Scientists crack sperm DNA code
A team of European researchers led by the European Molecular Biology Laboratory (EMBL) in Heidelberg, Germany, and Grenoble, France, have discovered that Brdt, a protein found only in developing sperm cells, plays a key role in directing the tight re-packing of sperm DNA. The results of their study, published in the journal Nature, shed light on why sperm are exceptionally streamlined.
In collaboration with colleagues from the Institut de Biologie Structurale (IBS) - Jean Pierre Ebel and the Institute Albert Bonniot (IAB) in France, the EMBL researchers successfully determined how to best read the histone code by unlocking the mystery behind speedy sperm. One thing is clear: fertility relies heavily on the speed at which sperm swim.
The lengthy and unwieldy nature of DNA (deoxyribonucleic acid) is conveniently packaged into a complex structure called chromatin, which is the structural building block of a chromosome. Long DNA strands are wound around proteins called histones. But what makes sperm DNA unique? The researchers said the sperm's chromatin is even more compact, effectively making the sperm's head size smaller and more hydrodynamic.
Studies have shown that chromatin is regulated in a very elaborate way. Various chemical tags mark histones and act as a code to direct changes in chromatin structure. According to the researchers, 'different proteins bind to the tags, the combination of which deciphers the code'.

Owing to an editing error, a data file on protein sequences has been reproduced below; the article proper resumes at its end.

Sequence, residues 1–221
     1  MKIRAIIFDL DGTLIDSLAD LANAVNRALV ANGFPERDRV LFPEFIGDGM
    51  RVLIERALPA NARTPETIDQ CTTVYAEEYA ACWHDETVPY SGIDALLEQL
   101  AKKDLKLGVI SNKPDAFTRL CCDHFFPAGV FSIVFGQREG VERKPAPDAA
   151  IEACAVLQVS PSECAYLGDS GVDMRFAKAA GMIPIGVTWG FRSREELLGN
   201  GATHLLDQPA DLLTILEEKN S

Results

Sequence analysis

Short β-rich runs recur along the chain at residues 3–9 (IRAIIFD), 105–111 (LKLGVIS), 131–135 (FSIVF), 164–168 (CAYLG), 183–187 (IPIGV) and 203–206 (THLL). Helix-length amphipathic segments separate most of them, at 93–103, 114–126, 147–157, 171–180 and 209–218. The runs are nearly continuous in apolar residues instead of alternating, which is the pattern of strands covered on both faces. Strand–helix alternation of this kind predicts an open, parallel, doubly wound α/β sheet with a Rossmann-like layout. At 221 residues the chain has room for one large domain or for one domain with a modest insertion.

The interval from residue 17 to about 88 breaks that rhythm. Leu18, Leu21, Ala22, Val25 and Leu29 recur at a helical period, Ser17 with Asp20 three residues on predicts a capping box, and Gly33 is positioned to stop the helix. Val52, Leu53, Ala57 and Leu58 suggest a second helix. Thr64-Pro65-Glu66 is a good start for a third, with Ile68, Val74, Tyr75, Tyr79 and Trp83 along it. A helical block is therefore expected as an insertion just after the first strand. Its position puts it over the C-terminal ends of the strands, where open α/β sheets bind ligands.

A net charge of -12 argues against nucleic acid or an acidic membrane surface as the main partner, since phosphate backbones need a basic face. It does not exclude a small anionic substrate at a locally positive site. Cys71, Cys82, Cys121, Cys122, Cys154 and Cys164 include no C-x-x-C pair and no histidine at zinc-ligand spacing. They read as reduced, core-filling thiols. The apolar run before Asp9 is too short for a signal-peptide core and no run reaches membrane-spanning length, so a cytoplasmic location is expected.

Research conducted in the past has suggested that these proteins bind using one or more modular 'domains', with each domain being marked with only one tag. But the EMBL, IBS and IAB scientists found an extra level of sophistication. By assessing the histone binding of the Brdt protein, the team discovered that it binds most strongly to a histone with two of a particular tag - acetyl groups (carbon and hydrogen-containing groups) - but uses only one protein domain.
'We were very surprised,' said Dr Christoph Müller of EMBL. 'We looked at the structure and saw that the domain forms a pocket, binding both tags at once.'
For his part, IAB's Dr Saadi Khochbin said: 'In sperm, just before the DNA starts to hypercompact, these tags are added throughout the chromatin in a huge wave. If Brdt is absent, the extra compaction doesn't take place, and the sperm head would be less streamlined. Male mice lacking Brdt are infertile.'
However, the scientists said they can only speculate as to whether the manner in which Brdt binds to histone tags plays an important role in its distinct compacting ability.
'One idea is that histones acquire tags sequentially, and only compact when fully tagged,' Dr Müller said. 'Brdt binds to the last two tags in this sequence, making Brdt-binding the very last step in the process - the final signal for hypercompaction to begin.'
Said IBS' Carlo Petosa: 'We re-examined the structures of other chromatin-associate proteins and saw [that] this tag-binding mechanism is likely to be used by them, too, [thus] furthering our understanding of how the histone code is read.'
The scientists believe the results of their study will help to resolve problems in sperm development. The team is also assessing how this protein impacts male infertility.
Data Source Provider: EMBL, Nature
Document Reference: Morinière, J., et al. (2009). Cooperative binding of two acetylation marks on a histone tail by a single bromodomain. Nature, 461: 664-668. DOI: 10.1038/nature08397.
Subject Index: Coordination, Cooperation; Life Sciences; Scientific Research